More Capacity, Less Cost
Operating systems arent the only things that have changed in the NAS world. Competition and the declining cost of hardware components in this growing market have brought prices down significantly. The entry-level solutions weve reviewed in this story cost less than $5,000 and offer at least 480GB of RAID 5 storage and a Gigabit Ethernet interface. When we looked at NAS devices last year ("Whats in Storage For You?" April 2001), those offering the same interface options and capacities were considered midrange rather than low-end and cost about $20,000 or more.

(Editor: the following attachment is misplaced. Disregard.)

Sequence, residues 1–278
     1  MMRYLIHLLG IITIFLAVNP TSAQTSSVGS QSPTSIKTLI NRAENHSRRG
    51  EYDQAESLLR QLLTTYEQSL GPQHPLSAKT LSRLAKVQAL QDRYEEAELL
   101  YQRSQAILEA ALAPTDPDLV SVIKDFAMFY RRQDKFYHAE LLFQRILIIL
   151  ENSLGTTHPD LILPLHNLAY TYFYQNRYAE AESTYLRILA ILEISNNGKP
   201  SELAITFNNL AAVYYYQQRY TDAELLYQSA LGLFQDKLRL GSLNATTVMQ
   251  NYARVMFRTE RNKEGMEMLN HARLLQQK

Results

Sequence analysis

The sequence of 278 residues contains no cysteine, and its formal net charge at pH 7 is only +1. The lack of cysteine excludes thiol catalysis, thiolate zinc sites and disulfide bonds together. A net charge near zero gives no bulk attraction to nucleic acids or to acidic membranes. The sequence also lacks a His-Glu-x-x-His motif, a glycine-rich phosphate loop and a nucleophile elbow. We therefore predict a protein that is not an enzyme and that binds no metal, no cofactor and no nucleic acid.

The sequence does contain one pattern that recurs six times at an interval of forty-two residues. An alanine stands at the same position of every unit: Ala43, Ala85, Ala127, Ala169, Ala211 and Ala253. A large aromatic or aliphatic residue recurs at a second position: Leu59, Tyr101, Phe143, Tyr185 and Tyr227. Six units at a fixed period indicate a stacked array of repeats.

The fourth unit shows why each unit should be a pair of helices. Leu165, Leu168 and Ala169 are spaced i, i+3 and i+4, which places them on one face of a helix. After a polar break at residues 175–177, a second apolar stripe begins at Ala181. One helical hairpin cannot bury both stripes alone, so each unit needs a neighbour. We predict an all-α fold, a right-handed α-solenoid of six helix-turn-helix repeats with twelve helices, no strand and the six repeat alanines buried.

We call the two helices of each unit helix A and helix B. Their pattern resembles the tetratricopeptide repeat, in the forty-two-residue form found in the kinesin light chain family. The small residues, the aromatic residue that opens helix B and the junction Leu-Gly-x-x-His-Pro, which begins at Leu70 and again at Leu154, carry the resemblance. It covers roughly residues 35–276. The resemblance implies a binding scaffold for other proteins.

Advances in hard drive technologies also have made it possible to build NAS devices in a 1U rack–mountable form factor and still meet or exceed 480GB in only four hard drives. Fast-ATA IDE hard drives are available in both 5400- and 7200-rpm speeds, at capacities up to 160GB. And though high-end NAS devices use hardware RAID controllers, the entry-level boxes make do with software RAID, which is free with the operating system.